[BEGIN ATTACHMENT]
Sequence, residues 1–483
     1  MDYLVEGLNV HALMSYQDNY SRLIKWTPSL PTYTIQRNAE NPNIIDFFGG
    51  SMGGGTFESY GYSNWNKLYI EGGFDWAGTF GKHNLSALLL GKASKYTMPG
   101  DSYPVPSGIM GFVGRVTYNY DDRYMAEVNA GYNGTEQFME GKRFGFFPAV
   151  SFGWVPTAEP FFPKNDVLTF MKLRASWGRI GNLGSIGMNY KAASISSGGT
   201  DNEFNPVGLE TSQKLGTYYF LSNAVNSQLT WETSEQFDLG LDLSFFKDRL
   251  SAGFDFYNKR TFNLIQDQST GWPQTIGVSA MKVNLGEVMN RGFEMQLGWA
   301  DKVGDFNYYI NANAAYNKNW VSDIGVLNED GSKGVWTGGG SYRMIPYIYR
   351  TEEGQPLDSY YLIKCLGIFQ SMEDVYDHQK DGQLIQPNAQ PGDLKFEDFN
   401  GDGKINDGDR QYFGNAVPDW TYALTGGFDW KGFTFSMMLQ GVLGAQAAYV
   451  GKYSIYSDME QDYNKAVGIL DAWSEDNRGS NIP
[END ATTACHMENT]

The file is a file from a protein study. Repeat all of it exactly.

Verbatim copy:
Sequence, residues 1–483
     1  MDYLVEGLNV HALMSYQDNY SRLIKWTPSL PTYTIQRNAE NPNIIDFFGG
    51  SMGGGTFESY GYSNWNKLYI EGGFDWAGTF GKHNLSALLL GKASKYTMPG
   101  DSYPVPSGIM GFVGRVTYNY DDRYMAEVNA GYNGTEQFME GKRFGFFPAV
   151  SFGWVPTAEP FFPKNDVLTF MKLRASWGRI GNLGSIGMNY KAASISSGGT
   201  DNEFNPVGLE TSQKLGTYYF LSNAVNSQLT WETSEQFDLG LDLSFFKDRL
   251  SAGFDFYNKR TFNLIQDQST GWPQTIGVSA MKVNLGEVMN RGFEMQLGWA
   301  DKVGDFNYYI NANAAYNKNW VSDIGVLNED GSKGVWTGGG SYRMIPYIYR
   351  TEEGQPLDSY YLIKCLGIFQ SMEDVYDHQK DGQLIQPNAQ PGDLKFEDFN
   401  GDGKINDGDR QYFGNAVPDW TYALTGGFDW KGFTFSMMLQ GVLGAQAAYV
   451  GKYSIYSDME QDYNKAVGIL DAWSEDNRGS NIP